For millennia, bartering was the way to do business, but it made for slow transactions. Around 9000 BC, the use of animals, spices and tools to pay for goods and services became commonplace.
Turney Duff worked on Wall Street for 15 years and is the author of the New York Times best seller The Buy Side, which Sony has optioned for film and television.
At the beginning of this year, the British government pledged $784,000 to organizations helping survivors, but social workers and academics told me it's made little difference.
It's time we communicate and forget our small-town vendettas and hardwired masculine aggression. Maybe if that happened, fewer people would end up with hideous scars all over their faces.
It was a different time back then—all you needed for a legitimate scientific study was a bunch of cats, a sheet of acid, and a can-do attitude.
How do you steal 100 brains? The logistics alone boggle the mind.
The artist known for giant dildo sculptures recently created The Folly Acres Cookbook, which includes your average carrot cake recipe, but also meals that incorporate roadkill.
We asked a government spokesperson in an attempt to figure it out.
It's easy to look at his recent media appearances and think, "Please be quiet, Russell Brand, please." But sometimes a champagne socialist is better than no kind of socialist at all.
I do really fucked up things in my sleep. I even dream of murder. Does that make me dangerous?
If shell companies can be said to be getaway cars for bank robbers, then Mossack Fonseca may be the world's shadiest car dealership.
Talking to Loretta Napoleoni, whose new book, The Islamist Phoenix: The Islamic State and the Redrawing of the Middle East, looks at how unique and singular the Islamic State is as a terrorist organization.
A habit of victim blaming does nothing to help New Zealand's high prevalence of sexual violence which is paired with a dismal conviction rate.
Four years after Christchurch was hit by a magnitude 6.3 earthquake, repairs to the city aren't going so great. Local advocate Deon Swiggs gave us a tour.
I spoke to Rabbi Shmuley Boteach about anal sex, Israel's controversial nation-state bill, and his former pupil Michael Jackson.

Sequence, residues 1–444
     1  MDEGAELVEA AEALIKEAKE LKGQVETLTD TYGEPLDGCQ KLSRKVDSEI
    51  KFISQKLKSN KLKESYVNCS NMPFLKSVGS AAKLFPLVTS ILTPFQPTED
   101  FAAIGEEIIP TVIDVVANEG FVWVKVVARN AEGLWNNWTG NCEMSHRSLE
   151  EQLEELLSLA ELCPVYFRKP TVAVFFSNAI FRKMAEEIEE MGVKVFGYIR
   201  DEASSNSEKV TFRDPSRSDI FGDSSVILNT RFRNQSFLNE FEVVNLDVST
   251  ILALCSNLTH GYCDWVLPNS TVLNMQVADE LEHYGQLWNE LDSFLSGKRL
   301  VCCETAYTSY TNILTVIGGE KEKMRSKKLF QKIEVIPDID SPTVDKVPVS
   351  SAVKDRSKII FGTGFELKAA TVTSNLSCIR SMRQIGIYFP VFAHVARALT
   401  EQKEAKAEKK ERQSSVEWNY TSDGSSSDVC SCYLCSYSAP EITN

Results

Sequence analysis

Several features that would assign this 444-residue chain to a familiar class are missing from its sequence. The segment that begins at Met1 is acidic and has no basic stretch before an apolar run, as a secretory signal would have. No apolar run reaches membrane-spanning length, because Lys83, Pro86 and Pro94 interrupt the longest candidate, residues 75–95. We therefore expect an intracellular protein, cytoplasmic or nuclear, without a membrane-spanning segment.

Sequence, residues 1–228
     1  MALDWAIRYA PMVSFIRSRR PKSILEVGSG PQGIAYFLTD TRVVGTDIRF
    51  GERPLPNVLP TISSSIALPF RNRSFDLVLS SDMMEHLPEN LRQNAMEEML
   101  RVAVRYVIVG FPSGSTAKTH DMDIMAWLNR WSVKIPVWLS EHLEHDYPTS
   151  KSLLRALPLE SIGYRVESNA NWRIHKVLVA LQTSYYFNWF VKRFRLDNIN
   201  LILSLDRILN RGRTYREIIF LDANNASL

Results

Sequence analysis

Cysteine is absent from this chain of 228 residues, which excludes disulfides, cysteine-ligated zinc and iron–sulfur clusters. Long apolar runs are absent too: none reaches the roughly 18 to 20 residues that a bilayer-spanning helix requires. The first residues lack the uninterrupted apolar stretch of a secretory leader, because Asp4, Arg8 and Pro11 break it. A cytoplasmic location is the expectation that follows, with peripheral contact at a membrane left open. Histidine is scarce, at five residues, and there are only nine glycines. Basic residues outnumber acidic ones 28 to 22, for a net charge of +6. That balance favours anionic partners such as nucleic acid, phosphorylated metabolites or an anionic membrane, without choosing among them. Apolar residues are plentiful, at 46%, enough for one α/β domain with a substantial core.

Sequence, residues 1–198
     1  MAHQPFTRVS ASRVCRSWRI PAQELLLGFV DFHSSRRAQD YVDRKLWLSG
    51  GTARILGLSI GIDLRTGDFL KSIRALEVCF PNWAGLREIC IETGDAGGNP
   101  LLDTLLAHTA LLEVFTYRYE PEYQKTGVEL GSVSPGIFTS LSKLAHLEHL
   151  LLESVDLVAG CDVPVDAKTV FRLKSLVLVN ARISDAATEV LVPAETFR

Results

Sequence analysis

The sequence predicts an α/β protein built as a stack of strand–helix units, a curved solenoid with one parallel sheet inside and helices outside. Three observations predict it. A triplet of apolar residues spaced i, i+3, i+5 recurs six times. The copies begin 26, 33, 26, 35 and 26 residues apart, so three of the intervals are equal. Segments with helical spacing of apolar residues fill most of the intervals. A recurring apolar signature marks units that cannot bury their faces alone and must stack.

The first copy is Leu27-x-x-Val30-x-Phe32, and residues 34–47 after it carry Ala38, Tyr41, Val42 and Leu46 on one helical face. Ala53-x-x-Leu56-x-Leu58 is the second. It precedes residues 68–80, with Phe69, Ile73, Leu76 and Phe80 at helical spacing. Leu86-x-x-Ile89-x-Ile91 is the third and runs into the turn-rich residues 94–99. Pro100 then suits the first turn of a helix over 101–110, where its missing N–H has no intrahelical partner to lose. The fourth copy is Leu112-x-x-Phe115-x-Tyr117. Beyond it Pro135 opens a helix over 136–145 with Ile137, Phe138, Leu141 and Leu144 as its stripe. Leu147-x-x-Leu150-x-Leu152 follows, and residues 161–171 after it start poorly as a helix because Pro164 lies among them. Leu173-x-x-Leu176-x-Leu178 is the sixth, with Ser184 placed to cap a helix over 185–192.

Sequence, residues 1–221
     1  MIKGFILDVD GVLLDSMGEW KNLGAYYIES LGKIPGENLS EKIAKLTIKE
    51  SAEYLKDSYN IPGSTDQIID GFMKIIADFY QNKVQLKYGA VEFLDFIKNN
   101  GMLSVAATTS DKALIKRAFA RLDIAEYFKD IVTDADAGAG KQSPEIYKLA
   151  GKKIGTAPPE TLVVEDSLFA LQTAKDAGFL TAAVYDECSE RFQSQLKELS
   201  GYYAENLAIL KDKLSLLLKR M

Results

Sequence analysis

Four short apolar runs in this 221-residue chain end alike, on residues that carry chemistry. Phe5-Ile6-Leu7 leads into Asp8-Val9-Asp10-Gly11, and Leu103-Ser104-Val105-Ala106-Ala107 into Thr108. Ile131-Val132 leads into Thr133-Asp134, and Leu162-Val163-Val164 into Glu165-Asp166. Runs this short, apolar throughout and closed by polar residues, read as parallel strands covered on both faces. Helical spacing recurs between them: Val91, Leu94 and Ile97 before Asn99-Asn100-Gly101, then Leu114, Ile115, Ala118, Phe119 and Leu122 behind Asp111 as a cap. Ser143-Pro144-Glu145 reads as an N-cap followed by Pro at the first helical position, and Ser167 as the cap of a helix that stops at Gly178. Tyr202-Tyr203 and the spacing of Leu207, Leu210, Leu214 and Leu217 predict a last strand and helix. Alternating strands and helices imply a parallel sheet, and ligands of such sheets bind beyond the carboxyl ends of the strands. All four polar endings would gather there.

South African women are using dangerous methods to dry out their vaginas to increase pleasure for their partners, but the practice is compounding HIV risks.
A group called Soulsaver distributes pamphlets about the evils of homosexuality and the rock 'n roll lifestyle.
A wise man once asked: "Fuckin' magnets. How do they work?" Well, apparently if you swallow them, they can cause "a gunshot wound to the gut with no sign of entry or exit." Regulators are now trying to ban toy magnets, but the industry is fighting back.
Smokey and the Bandit star Burt Reynolds is auctioning off his stuff to help pay some old bills. So far, the items aren't fetching much interest.
No? Well, just in case there's a five-hour YouTube video of that exact thing.
I spoke with Frances Larson, author of Severed, to discuss our undying fascination and commodification of decapitated heads.
The government is cutting state-controlled healthcare and filling the deficit by allowing tax money to pay for out-sourced, private-controlled care, operating under market forces. As a result, we had a doctor describe medicine's bleak future in the UK.
VICE is celebrating its 20th anniversary this week by throwing a massive party in NYC. We're a little sick of talking to one another, so we want some of you to come hang, too. Here's how to win a ticket.
It's hard to believe that clubs that exclude women from membership still exist, but they do. Maybe a little gender mixing would be helpful at a time when the news is full of terrifying sexual assault allegations.